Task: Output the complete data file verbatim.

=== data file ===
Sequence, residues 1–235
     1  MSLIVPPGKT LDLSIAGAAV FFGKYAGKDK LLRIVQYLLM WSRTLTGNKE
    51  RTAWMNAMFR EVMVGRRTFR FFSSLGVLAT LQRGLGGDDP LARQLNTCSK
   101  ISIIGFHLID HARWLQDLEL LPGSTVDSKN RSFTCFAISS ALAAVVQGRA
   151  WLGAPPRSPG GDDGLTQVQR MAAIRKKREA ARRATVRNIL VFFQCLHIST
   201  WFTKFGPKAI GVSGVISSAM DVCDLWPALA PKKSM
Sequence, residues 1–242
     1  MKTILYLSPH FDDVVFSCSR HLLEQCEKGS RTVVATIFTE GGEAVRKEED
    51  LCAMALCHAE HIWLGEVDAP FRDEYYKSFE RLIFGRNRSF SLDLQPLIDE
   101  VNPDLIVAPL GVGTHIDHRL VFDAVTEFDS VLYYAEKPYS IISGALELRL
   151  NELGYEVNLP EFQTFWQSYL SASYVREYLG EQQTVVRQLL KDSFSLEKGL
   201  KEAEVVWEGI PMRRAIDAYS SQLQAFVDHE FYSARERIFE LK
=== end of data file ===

Sequence, residues 1–235
     1  MSLIVPPGKT LDLSIAGAAV FFGKYAGKDK LLRIVQYLLM WSRTLTGNKE
    51  RTAWMNAMFR EVMVGRRTFR FFSSLGVLAT LQRGLGGDDP LARQLNTCSK
   101  ISIIGFHLID HARWLQDLEL LPGSTVDSKN RSFTCFAISS ALAAVVQGRA
   151  WLGAPPRSPG GDDGLTQVQR MAAIRKKREA ARRATVRNIL VFFQCLHIST
   201  WFTKFGPKAI GVSGVISSAM DVCDLWPALA PKKSM
Sequence, residues 1–242
     1  MKTILYLSPH FDDVVFSCSR HLLEQCEKGS RTVVATIFTE GGEAVRKEED
    51  LCAMALCHAE HIWLGEVDAP FRDEYYKSFE RLIFGRNRSF SLDLQPLIDE
   101  VNPDLIVAPL GVGTHIDHRL VFDAVTEFDS VLYYAEKPYS IISGALELRL
   151  NELGYEVNLP EFQTFWQSYL SASYVREYLG EQQTVVRQLL KDSFSLEKGL
   201  KEAEVVWEGI PMRRAIDAYS SQLQAFVDHE FYSARERIFE LK